Monday, November 04, 2013 6:21:00 AM
Delmont woman Drenning accepted to Red Cross National Young Professionals Council
Published: Sunday, Nov. 3, 2013, 11:48 p.m.
Anna Bevington Drenning of Monroeville started out with a dream to reach one child, but now, she is reaching youths across the nation.
As the first regional youth volunteer specialist for the local American Red Cross, the Delmont native visits students across 25 counties. She received recognition last month with her acceptance to the Red Cross National Young Professionals Council.
Drenning, 24, has devoted nine years to the Red Cross, eight as a volunteer and one as a staff member.
“My heart's in it,” she said.
Drenning works in the Red Cross regional headquarters in downtown Pittsburgh.
Her neat office is decorated with children's hand-drawn posters including messages such as “keep shining” and a chalkboard with the joke: “What do you call a cat that joins the Red Cross? ... A first aid kitty.”
In addition to charting a vision for youth engagement and overseeing interns and work-study students, Drenning is beginning her role with the National Young Professionals Council, for which she will raise money and form policies for youth volunteers, among other duties.
The council consists of 11 members, ages 21 to 35, who work to support and engage peer group volunteers.
Drenning is well-versed in that role.
While attending Franklin Regional schools in Murrysville and Seton Hill University in Greensburg, she founded student Red Cross clubs at each. Club members learned CPR training and conducted fundraisers.
Drenning got involved with a Greensburg Red Cross youth group during high school after reading in the newspaper about the need for volunteers.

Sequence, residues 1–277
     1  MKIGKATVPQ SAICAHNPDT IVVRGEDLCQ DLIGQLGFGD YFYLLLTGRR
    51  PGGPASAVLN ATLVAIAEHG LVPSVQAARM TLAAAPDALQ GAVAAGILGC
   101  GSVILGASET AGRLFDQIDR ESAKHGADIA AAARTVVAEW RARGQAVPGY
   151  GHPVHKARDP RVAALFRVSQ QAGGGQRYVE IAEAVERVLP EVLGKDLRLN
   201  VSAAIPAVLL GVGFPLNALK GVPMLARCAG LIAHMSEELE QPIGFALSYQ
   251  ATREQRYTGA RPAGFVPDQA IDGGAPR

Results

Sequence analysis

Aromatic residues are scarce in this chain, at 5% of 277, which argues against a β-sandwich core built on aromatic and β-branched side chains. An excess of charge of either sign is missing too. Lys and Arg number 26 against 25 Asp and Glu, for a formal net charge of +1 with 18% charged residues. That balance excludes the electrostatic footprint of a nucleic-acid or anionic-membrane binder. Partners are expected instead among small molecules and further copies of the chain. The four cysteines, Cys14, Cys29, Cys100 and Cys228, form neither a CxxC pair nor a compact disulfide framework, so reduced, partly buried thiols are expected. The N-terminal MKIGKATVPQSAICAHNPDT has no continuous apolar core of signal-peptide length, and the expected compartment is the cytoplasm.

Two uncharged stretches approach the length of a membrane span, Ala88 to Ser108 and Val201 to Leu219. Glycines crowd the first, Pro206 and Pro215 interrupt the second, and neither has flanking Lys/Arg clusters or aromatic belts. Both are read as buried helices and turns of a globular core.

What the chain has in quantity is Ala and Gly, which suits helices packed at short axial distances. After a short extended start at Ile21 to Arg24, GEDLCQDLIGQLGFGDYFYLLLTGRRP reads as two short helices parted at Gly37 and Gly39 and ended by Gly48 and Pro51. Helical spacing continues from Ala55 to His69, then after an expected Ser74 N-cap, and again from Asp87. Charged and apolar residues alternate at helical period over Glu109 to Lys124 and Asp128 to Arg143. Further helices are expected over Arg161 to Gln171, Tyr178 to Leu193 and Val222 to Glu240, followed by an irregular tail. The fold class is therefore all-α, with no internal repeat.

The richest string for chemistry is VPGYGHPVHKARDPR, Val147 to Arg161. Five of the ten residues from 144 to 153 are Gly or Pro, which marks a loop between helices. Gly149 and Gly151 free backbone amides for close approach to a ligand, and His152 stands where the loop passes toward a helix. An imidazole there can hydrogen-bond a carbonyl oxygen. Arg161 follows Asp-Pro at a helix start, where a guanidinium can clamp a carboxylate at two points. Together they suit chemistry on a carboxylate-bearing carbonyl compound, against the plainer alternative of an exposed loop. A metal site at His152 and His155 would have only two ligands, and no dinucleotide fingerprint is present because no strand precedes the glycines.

In college, Drenning served on the board of directors for the Red Cross Westmoreland-Armstrong chapter while continuing to work with the youth group and serving on the Red Cross National Youth Council, which represents youth volunteers.
“I want to help my community become resilient, and I want youth to realize the opportunity in volunteering and giving back,” she said. “(It's) being able to be part of a large organization that helps so many people.”
She regularly meets with high school and college Red Cross clubs and travels across the region to ensure chapters have needed resources.
“If they're doing something here in Pittsburgh, it can benefit somebody in another city or country,” Drenning said. “(It's) knowing that I'm part of something so much bigger.”
She teaches students about fire safety and how to be “Red Cross Ready,” a three-pronged approach encouraging them to get a kit, make a plan and be informed.
Rex Rossey, the regional volunteer manager for the Red Cross western Pennsylvania division, lauded Drenning's energy, social media know-how and ability to engage volunteers.
“We're very fortunate to have Anna, because she's very passionate about the Red Cross,” he said.
For Drenning, who describes herself as a “150 percent Red Cross lifer,” every day on the job is different.
“I look at the volunteers who get 50-, 60-year volunteer pins, and I want to be that person,” she said.
Monday, November 04, 2013 6:15:00 AM
Seton Hill Names Health Sciences Center for President Emerita JoAnne Boyle
Seton Hill University’s new Health Sciences Center will be named in honor of President Emerita JoAnne Boyle, Chair of the University’s Board of Trustees Michele Ridge announced during a groundbreaking ceremony today.
The JoAnne Woodyard Boyle Health Sciences Center will serve students and faculty in Seton Hill’s Division of Natural and Health Sciences.
“JoAnne Boyle was such a courageous leader for Seton Hill. Her tenure was marked by the addition of programs of national prominence, including the LECOM at Seton Hill pre-med opportunity, the University’s highly ranked physician assistant program and most recently, the Center for Orthodontics,” Ridge said. “No other building represents better JoAnne Boyle’s vision for educating healthcare workers and physicians. We know the naming of this facility for JoAnne will honor her enduring legacy in a powerful way.”
“This is an exciting day as we proceed with an important strategic building project for the University that is grounded in our mission and the unmet and growing need for healthcare service in the region,” said Seton Hill Interim President Bibiana Boerio. “From the beginning excellence in science education has been a Seton Hill hallmark. The health sciences today continue to represent some of Seton Hill’s strongest academic programs. The JoAnne Woodyard Boyle Health Sciences Center will help Seton Hill University ascend to a new era of distinction.”